Things got more exciting when he realized music could be an ally to his art. “I’ve learned that art is first of all activated by the viewer–it doesn’t exist until the viewer’s participated–so the idea that a collaborative process could include music, to me, became a thrill,” said Ross, as he strolled to a first-viewing of Harmonium Mountain in an open air courtyard, under a steady rain, shown in 17 million 600 thousand falling pixels at MASS MOCA a few weeks ago.

In that presentation, Frank Sinatra transitioned seamlessly into Satie, and each musician said something different, yet right, about the hyper colored splices of Ross’ mountain. (Ross originally came up with the name “Harmonium” to describe his abstract interpretation of the mountain when he remembered that the yellow and turquoise creatures in Kurt Vonnegut’s The Sirens of Titan, which subside on very low frequencies of sound, are called Harmoniums.)   

Ross isn’t bashful about sharing his feelings about music, but he doesn’t want it to be a crutch for his art: The visual component should stand its own, he says. He becomes giddy by music’s ability to nudge the things he makes into new directions he can’t foresee. Phillip Glass was the first to write a score for Harmonium Mountain–an idea Ross floated to Glass casually, once, at a social gathering. To hear Ross recount the first time he listened to Glass’s music, composed for a video he would show at the Santa Fe Bienniel, is to watch a man recount a spiritual experience.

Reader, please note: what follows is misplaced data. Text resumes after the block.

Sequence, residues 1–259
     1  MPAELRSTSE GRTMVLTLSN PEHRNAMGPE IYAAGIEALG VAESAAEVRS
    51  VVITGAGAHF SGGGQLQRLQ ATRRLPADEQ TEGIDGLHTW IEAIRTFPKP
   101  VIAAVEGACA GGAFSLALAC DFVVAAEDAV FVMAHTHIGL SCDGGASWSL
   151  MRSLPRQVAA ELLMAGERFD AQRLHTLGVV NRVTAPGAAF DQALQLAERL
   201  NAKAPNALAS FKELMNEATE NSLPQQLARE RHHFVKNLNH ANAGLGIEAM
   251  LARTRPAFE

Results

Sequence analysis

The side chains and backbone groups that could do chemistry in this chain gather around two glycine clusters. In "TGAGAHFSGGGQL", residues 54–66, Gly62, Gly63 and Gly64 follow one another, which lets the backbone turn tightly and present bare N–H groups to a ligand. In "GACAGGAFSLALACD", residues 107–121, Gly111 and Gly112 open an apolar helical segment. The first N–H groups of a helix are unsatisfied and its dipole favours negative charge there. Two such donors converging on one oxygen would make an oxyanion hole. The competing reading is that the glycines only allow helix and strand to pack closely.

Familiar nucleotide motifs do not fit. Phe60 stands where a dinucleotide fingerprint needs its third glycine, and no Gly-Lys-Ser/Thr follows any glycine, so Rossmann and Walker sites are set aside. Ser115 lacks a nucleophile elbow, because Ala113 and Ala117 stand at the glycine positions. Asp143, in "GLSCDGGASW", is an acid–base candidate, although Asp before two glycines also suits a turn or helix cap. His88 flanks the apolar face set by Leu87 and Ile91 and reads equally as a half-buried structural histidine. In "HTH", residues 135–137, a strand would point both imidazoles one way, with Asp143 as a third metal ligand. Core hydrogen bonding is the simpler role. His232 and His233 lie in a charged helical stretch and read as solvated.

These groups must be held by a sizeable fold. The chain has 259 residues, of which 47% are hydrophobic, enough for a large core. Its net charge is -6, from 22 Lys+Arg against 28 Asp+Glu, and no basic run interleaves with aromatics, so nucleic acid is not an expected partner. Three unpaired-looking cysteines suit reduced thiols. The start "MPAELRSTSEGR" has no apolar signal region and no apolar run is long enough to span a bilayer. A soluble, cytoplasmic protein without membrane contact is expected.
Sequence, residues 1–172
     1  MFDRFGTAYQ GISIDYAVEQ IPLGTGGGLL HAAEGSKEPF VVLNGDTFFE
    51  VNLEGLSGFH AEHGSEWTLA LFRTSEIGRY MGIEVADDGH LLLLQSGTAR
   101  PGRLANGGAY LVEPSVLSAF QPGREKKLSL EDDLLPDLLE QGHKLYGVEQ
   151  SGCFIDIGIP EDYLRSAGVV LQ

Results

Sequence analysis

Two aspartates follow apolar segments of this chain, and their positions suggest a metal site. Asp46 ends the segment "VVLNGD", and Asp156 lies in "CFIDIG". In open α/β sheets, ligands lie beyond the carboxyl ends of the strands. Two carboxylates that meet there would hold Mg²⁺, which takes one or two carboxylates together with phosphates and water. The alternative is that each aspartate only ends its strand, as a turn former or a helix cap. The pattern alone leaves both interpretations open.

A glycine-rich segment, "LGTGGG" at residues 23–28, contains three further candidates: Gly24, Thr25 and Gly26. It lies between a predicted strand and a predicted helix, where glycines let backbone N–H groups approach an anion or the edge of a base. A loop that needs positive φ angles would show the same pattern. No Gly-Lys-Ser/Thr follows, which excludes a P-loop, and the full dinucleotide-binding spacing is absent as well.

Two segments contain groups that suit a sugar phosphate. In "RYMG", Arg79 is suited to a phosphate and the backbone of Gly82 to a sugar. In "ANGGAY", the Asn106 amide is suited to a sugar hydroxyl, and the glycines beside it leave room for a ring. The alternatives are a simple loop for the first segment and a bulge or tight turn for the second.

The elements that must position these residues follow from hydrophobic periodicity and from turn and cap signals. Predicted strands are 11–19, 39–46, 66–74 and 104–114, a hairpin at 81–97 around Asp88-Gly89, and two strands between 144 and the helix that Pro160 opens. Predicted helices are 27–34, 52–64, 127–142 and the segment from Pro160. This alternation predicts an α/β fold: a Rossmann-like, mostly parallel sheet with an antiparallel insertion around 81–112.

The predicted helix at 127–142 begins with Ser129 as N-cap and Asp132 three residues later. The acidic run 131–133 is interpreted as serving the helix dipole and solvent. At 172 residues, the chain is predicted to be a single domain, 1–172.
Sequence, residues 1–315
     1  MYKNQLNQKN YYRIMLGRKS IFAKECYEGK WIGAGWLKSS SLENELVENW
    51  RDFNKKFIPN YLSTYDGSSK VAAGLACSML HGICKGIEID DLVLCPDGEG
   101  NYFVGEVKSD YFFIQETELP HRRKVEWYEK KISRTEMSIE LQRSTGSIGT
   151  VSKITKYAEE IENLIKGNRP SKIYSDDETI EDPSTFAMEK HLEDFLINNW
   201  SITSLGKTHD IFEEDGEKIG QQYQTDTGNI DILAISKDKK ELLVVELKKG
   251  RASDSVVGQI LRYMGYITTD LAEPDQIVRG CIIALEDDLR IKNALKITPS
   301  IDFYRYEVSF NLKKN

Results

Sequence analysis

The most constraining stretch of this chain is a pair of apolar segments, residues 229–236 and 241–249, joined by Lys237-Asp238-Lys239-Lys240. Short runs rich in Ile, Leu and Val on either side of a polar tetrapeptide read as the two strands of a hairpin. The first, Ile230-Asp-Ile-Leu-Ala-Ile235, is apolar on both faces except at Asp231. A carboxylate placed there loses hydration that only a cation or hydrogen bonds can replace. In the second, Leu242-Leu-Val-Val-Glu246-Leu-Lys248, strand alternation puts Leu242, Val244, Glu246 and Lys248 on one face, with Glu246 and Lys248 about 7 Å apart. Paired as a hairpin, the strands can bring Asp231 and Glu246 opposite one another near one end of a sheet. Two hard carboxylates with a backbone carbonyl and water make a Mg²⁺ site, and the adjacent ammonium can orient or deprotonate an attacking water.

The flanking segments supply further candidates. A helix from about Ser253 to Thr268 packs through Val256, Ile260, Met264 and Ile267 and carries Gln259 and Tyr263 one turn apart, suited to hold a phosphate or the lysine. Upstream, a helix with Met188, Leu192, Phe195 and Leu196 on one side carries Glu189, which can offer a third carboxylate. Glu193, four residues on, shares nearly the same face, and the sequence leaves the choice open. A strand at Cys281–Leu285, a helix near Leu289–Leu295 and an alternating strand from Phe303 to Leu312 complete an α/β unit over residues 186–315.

“Liron Unreich, my long time studio collaborator, said, ‘We just got something from Philip Glass,’ Do you want to listen to it?’ And he had a funny look in his face, and it was to the beat, five minutes and 26 seconds of absolute magic. It was done on a synthesizer on the road, and I had tears in my eyes. Unreich was equally moved. We just couldn’t believe it.”

For the performance tonight, Ross says the process of selecting the music came down to other people who know music much better than he does (he worked side with AJ Benson, Director of Artistic Administration for Orchestra of St. Luke’s) and his own gut.

“You gotta find the right sonic match. With AJ, we stretched it,” said Ross. “I originally wanted to go way, way back, the earliest to Vivaldi and Bach.” But then Benson helped him find a Polish composer named Wojciech Kilar from 20 years ago, said Ross, who he had never heard of; as soon as he listened, it blew him away, an immediate sonic match. Next a friend connected him to Bryce Dessner; finally, he couldn’t stop himself from including Steve Reich.

“We have 20 musicians on stage and one vocalist. There are seven pieces, orchestrated for 70 minutes and five screens. It’s gonna be wild.”

Which has to be an understatement. A video installation of an abstract form of a digital picture of a mountain summit in Colorado that is named after a creature created by Kurt Vonneget’s head and set, in part, to music from Bryce Dessner, must, in the least case, be wild. More importantly, the things it will make you feel will be real, and shared with others.